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# Pigeonhole sort

Pigeonhole sorting takes linear time, which is the best possible performance for a sort algorithm since one has to look at all of the objects to be sorted. However, it requires
• that no two objects in the array be identical;
• an invertible function mapping the objects you are sorting to integers within a small range (say, 0 to 1000). The range must be limited to some constant times the number of elements that is being sorted to achieve the linear running time. Pigeonhole sort orders the elements by the result of this mapping.

The algorithm works as follows.

1. Set up an array of initially empty "pigeonholes" the size of the range.
2. Go over the original array, putting each object in its pigeonhole.
3. Iterate over the pigeonhole array in order, and put elements from non-empty holes back into the original array.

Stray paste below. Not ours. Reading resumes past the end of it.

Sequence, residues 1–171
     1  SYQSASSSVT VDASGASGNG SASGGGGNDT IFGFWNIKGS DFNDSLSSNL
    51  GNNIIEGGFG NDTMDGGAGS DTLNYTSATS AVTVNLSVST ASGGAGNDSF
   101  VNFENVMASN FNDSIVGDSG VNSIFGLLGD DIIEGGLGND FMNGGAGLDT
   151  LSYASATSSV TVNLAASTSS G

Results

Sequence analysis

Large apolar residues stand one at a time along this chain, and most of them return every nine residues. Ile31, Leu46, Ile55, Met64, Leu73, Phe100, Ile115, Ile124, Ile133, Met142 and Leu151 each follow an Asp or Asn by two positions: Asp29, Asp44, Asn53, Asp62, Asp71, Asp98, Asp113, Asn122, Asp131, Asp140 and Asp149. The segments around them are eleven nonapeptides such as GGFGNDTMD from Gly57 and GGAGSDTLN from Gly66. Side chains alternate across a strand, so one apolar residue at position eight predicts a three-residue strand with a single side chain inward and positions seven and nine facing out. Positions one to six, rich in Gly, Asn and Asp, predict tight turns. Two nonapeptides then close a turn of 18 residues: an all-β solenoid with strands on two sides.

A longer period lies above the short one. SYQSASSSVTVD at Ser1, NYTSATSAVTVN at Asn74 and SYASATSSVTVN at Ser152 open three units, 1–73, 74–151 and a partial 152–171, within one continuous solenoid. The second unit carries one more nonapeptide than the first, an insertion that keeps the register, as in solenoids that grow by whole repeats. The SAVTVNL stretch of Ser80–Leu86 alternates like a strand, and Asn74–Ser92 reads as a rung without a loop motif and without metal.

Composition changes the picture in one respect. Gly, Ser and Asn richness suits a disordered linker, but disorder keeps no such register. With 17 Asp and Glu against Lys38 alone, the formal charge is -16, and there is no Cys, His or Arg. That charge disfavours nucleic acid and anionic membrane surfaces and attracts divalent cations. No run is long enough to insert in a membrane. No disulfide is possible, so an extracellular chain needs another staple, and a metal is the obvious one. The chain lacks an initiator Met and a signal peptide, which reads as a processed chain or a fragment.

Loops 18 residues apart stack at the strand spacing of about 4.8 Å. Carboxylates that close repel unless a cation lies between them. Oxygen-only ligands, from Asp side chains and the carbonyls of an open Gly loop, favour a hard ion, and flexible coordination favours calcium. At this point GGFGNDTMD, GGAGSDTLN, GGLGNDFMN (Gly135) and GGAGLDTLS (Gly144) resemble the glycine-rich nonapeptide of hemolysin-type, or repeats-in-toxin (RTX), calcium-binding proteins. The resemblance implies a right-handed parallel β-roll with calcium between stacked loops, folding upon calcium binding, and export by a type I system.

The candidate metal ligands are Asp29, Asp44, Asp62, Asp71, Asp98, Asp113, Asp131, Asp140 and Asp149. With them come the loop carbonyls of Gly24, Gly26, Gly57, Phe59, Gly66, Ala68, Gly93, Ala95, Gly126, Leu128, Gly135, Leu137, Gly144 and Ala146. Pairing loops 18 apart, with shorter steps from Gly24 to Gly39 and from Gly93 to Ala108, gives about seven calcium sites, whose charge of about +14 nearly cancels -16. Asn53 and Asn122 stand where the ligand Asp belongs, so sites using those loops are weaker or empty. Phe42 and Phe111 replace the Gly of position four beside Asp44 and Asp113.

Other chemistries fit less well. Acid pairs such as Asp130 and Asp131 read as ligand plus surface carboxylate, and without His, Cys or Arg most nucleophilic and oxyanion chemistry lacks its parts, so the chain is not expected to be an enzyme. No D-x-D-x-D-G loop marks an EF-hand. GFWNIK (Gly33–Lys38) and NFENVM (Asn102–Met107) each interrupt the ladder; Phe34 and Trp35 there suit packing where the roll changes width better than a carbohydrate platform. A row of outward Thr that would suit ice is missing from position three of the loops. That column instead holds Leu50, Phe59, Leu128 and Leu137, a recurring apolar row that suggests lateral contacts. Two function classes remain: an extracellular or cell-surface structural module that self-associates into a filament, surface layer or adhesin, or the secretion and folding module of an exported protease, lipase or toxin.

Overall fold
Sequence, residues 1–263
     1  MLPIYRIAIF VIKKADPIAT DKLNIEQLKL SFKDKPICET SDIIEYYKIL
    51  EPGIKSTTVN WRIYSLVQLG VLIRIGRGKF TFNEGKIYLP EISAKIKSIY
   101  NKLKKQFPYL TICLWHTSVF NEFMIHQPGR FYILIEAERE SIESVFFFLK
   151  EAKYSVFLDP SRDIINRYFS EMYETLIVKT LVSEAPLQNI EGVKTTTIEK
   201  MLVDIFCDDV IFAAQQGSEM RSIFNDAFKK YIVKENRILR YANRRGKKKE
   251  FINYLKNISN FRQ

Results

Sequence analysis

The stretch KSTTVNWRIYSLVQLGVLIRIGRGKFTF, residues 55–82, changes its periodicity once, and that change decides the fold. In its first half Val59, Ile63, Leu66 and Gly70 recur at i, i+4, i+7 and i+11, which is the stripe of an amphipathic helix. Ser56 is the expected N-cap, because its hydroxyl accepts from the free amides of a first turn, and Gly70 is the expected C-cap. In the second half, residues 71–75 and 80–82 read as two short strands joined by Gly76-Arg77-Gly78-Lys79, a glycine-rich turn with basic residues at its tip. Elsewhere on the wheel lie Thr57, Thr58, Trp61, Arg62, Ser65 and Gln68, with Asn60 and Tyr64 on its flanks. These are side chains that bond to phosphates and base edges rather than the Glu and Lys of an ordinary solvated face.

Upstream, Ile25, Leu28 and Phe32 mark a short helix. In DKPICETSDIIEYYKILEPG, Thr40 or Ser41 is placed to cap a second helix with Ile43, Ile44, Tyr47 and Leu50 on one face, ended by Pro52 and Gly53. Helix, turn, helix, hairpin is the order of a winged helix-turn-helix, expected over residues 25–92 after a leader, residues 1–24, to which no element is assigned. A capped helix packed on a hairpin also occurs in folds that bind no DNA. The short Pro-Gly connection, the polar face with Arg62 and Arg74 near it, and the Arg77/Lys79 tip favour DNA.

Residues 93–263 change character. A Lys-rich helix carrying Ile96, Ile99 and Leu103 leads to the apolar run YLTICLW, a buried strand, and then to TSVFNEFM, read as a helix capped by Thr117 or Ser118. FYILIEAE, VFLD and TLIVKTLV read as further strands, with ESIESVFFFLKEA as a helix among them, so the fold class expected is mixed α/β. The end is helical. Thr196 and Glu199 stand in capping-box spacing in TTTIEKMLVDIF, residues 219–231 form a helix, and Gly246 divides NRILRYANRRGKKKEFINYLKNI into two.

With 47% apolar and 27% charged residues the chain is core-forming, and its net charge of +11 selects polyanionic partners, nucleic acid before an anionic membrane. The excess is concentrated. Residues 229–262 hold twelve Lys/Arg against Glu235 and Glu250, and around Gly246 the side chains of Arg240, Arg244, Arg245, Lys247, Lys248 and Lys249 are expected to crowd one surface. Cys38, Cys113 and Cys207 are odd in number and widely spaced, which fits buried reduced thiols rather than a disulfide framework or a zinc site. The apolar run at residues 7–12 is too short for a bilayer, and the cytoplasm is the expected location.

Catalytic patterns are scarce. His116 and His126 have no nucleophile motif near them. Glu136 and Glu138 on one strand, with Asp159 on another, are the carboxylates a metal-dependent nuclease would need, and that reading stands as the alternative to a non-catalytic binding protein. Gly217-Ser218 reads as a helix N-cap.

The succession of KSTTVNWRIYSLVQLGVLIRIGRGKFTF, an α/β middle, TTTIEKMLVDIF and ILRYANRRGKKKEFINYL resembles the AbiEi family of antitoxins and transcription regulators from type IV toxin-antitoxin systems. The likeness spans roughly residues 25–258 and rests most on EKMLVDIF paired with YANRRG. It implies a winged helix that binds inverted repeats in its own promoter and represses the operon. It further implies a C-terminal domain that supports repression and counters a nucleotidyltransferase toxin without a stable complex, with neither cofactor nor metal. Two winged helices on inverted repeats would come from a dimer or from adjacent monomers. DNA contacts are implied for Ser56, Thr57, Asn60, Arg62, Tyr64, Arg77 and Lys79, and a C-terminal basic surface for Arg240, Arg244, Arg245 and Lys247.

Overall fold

The hidden constant for this algorithm depends critically on the density of the elements in the pigeonhole array. If there are many more array elements than items to be sorted, steps 1 and 3 will be relatively slow.

Pigeonhole sort is rarely used as the requirements are rarely met and other, more flexible, sorting algorithms are easier to use.

Sample C code for this algorithm:

void pigeonhole_sort ( int *low , int *high , int minvalue , int maxvalue )
{
/* minvalue and maxvalue can also easily be determined within this function */
int count , size = maxvalue - minvalue + 1 , *current ;
bool holes[size] ;
for ( count = 0 ; count < size ; count++ ) /*Initializing*/
holes[count] = false ;
for ( current = low ; current <= high ; current++ ) /*Sorting*/
holes[(*current)-minvalue] = true ;
for ( current = low , count = 0 ; count < size ; count++ )
{
if ( holes[count] )
{
*current = count + minvalue ;
current++ ;
}
}
}

All Wikipedia text is available under the terms of the GNU Free Documentation License

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